“Don’t Ask Don’t Tell” repealed

The service of homosexual individuals in the U.S. military has been hotly contested since the days of the Revolutionary War. Soldiers who engaged in same-sex relationships or sexual behavior were drummed out of the military or more severely punished (sometimes with hanging) for diminishing the morale or morality of fellow troops.

While the service of gay men and women has been under scrutiny in the United States since its inception, service of gay soldiers dates back to ancient history, where a soldier’s slave or young companion might escort him to war, therefore increasing his morale, mood and fighting spirit.

Having undergone many stages of bans, homosexuals were effectively prohibited from serving in the U.S. military. However, many American gay or bisexual individuals served their country by remaining in the closet about their sexual orientation. Although politicians, including former President Bill Clinton, promised to overturn the ban of gays in the military during the presidential election of 1992, the goal was never fully accomplished.

Starting as a compromise to allow gay soldiers to serve in the U.S. military, the “Don’t Ask, Don’t Tell” policy was implemented in December 1993. The Clinton administration ordered the issuance of the Defense Directive 1304.26, which mandated that military applicants were not to be asked their sexual orientation during the induction process. The entire policy became the official standard that prohibited openly gay individuals to serve in the military; however, it protected closeted individuals from scrutiny if they chose to serve and hide their sexual orientation.

In 1993, the National Defense Research Institute created the Sexual Orientation and U.S. Military Personnel Policy: Options and Assessment. It stated: “Circumstances could exist under which the ban on homosexuals could be lifted with little or no adverse consequences for recruitment and retention” if the policy was implemented with care. However, the report was ignored and the prohibition of gays serving openly in the military continued.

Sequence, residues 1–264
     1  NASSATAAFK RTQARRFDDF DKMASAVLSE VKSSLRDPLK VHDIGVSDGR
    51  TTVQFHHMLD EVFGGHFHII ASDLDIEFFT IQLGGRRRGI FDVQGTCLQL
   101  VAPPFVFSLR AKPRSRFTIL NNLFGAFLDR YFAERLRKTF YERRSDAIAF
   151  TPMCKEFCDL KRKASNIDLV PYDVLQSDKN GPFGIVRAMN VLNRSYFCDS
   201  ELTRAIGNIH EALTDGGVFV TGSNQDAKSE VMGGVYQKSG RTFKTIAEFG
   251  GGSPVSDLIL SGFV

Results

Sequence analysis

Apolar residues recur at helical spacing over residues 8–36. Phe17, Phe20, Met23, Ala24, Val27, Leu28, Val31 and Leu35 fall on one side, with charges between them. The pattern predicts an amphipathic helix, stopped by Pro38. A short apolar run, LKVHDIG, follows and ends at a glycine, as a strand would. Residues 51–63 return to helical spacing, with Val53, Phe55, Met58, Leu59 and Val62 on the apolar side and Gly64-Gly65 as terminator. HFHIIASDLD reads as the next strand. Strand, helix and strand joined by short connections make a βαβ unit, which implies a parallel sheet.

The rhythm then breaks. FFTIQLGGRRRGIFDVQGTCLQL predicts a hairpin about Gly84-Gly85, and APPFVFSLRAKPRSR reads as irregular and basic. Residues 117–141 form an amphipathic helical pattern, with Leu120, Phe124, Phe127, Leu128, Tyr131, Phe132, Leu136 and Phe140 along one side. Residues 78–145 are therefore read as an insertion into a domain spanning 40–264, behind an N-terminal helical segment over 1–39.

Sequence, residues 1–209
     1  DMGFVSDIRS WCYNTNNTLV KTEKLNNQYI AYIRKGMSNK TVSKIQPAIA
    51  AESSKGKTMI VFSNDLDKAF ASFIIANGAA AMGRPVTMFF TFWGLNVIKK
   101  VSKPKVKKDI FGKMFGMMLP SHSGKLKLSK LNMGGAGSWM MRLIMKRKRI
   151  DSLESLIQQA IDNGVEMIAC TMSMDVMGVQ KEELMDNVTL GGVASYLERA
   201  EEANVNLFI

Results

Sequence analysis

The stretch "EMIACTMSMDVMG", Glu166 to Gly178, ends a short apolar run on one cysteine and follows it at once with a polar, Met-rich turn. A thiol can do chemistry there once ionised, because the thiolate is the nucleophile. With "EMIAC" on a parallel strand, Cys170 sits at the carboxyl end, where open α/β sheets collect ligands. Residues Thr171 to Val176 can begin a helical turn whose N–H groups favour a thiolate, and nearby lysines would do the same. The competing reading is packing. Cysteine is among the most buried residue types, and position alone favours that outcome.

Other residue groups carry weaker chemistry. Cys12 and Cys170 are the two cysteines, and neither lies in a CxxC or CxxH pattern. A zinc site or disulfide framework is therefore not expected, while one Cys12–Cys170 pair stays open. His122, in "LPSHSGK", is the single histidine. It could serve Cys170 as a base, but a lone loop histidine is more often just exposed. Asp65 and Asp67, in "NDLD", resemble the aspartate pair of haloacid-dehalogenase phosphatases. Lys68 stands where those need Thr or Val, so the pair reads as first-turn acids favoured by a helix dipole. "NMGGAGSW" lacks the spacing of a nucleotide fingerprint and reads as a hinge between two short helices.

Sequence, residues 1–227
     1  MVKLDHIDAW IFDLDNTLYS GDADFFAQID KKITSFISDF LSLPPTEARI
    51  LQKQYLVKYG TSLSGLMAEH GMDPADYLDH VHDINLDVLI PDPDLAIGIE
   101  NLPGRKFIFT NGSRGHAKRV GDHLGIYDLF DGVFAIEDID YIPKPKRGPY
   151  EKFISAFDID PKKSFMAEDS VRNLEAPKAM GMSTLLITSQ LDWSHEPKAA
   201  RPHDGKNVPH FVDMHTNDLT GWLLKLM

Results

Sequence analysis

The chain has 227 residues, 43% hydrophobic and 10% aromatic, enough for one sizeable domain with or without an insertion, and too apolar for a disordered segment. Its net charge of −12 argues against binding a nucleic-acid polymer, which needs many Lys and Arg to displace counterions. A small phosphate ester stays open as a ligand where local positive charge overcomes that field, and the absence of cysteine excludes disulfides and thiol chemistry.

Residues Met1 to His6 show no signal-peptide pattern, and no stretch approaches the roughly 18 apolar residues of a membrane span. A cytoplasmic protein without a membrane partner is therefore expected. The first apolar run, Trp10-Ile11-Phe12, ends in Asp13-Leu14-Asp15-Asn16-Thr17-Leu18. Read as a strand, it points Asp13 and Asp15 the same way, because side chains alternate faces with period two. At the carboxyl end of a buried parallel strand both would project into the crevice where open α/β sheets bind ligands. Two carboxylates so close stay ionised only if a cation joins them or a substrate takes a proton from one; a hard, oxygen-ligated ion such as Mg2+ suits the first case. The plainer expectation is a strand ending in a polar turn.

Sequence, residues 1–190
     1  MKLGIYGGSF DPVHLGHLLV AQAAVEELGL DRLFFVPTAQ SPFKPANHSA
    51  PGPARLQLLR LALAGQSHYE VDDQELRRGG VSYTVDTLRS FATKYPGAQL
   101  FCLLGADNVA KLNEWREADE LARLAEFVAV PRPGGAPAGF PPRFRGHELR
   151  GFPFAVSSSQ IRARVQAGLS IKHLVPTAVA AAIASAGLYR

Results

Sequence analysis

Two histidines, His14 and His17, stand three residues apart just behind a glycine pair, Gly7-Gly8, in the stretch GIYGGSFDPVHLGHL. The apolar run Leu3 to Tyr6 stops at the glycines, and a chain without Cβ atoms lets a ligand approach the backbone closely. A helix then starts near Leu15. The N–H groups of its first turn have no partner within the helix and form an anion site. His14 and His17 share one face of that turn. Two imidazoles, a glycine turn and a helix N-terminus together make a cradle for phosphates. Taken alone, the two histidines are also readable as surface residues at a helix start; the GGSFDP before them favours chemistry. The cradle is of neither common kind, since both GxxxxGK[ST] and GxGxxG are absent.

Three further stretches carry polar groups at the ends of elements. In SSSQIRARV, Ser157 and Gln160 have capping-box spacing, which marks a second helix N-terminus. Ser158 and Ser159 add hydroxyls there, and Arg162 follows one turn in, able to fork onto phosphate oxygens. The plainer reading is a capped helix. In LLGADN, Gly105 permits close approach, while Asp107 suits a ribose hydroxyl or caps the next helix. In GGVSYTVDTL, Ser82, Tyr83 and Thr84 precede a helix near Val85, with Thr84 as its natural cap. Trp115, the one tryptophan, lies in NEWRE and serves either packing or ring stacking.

Official provisions of the policy included:

  • Prohibition of military personnel from discriminating against or harassing closeted homosexual or bisexual service members or applicants.
  • Barred openly gay, lesbian or bisexual individuals from military service.
  • Prohibition of people who “demonstrate a propensity or intent to engage in homosexual acts” from serving in the armed forces of the United States because their presence “would create an unacceptable risk to the high standards of morale, good order and discipline and unit cohesion” that are the essence of military capability.
  • Prohibition of disclosure of one’s sexual orientation or from speaking out about same-sex relationships, including marriages or other familial arrangements.
  • Prohibition of superiors from initiating investigations against serve members concerning their orientation based on pure conjecture.
  • Immediate discharge of anyone openly serving as a gay man or woman.

After its implementation, “Don’t Pursue, Don’t Harass” was added to the policy, as well.

During the presidential election of 2008, President Barack Obama promised to overturn and repeal the “Don’t Ask, Don’t Tell” policy to allow gays to openly serve in the U.S. military. On September 23, 2011, the policy was officially repealed.

The gay communities worldwide rejoiced and celebrated. From ancient and not-so-ancient times where homosexual companions escorted their partners to war and men secretly sought out male escorts while serving abroad, gay soldiers have finally won the right to serve without having to hide their true nature. Homosexual soldiers and male escorts have been accepted for years in other cultures, never impeding the abilities of the armies and battalions in other nations. The United States finally caught up with other enlightened countries with its recent ban of “Don’t Ask, Don’t Tell.”